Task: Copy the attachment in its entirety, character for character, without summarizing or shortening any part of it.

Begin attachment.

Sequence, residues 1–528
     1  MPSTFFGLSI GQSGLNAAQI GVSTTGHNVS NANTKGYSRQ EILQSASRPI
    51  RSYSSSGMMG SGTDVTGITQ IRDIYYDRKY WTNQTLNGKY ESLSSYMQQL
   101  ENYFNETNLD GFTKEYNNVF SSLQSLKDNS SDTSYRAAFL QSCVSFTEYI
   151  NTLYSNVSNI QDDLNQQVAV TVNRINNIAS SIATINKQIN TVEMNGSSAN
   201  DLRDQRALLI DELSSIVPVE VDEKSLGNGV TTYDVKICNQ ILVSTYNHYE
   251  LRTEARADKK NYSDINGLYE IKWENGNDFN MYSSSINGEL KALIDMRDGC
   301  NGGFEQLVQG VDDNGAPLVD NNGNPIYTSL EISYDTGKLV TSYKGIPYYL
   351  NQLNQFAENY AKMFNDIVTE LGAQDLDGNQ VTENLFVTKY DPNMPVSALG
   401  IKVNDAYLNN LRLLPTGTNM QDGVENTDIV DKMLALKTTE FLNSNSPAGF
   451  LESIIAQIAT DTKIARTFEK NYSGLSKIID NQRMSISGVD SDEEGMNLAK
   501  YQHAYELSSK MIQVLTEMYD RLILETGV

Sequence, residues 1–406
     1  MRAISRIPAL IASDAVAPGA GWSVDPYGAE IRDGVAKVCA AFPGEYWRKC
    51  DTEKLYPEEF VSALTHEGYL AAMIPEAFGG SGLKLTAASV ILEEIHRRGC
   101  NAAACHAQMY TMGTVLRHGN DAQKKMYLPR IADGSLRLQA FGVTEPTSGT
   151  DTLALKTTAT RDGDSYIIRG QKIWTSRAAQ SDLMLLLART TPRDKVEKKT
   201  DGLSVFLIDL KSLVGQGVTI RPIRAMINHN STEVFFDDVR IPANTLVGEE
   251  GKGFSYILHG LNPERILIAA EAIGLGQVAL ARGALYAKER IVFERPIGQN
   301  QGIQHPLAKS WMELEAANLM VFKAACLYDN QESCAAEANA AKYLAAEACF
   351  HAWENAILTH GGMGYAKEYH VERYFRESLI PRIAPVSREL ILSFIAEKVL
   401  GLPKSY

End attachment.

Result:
Sequence, residues 1–528
     1  MPSTFFGLSI GQSGLNAAQI GVSTTGHNVS NANTKGYSRQ EILQSASRPI
    51  RSYSSSGMMG SGTDVTGITQ IRDIYYDRKY WTNQTLNGKY ESLSSYMQQL
   101  ENYFNETNLD GFTKEYNNVF SSLQSLKDNS SDTSYRAAFL QSCVSFTEYI
   151  NTLYSNVSNI QDDLNQQVAV TVNRINNIAS SIATINKQIN TVEMNGSSAN
   201  DLRDQRALLI DELSSIVPVE VDEKSLGNGV TTYDVKICNQ ILVSTYNHYE
   251  LRTEARADKK NYSDINGLYE IKWENGNDFN MYSSSINGEL KALIDMRDGC
   301  NGGFEQLVQG VDDNGAPLVD NNGNPIYTSL EISYDTGKLV TSYKGIPYYL
   351  NQLNQFAENY AKMFNDIVTE LGAQDLDGNQ VTENLFVTKY DPNMPVSALG
   401  IKVNDAYLNN LRLLPTGTNM QDGVENTDIV DKMLALKTTE FLNSNSPAGF
   451  LESIIAQIAT DTKIARTFEK NYSGLSKIID NQRMSISGVD SDEEGMNLAK
   501  YQHAYELSSK MIQVLTEMYD RLILETGV

Sequence, residues 1–406
     1  MRAISRIPAL IASDAVAPGA GWSVDPYGAE IRDGVAKVCA AFPGEYWRKC
    51  DTEKLYPEEF VSALTHEGYL AAMIPEAFGG SGLKLTAASV ILEEIHRRGC
   101  NAAACHAQMY TMGTVLRHGN DAQKKMYLPR IADGSLRLQA FGVTEPTSGT
   151  DTLALKTTAT RDGDSYIIRG QKIWTSRAAQ SDLMLLLART TPRDKVEKKT
   201  DGLSVFLIDL KSLVGQGVTI RPIRAMINHN STEVFFDDVR IPANTLVGEE
   251  GKGFSYILHG LNPERILIAA EAIGLGQVAL ARGALYAKER IVFERPIGQN
   301  QGIQHPLAKS WMELEAANLM VFKAACLYDN QESCAAEANA AKYLAAEACF
   351  HAWENAILTH GGMGYAKEYH VERYFRESLI PRIAPVSREL ILSFIAEKVL
   401  GLPKSY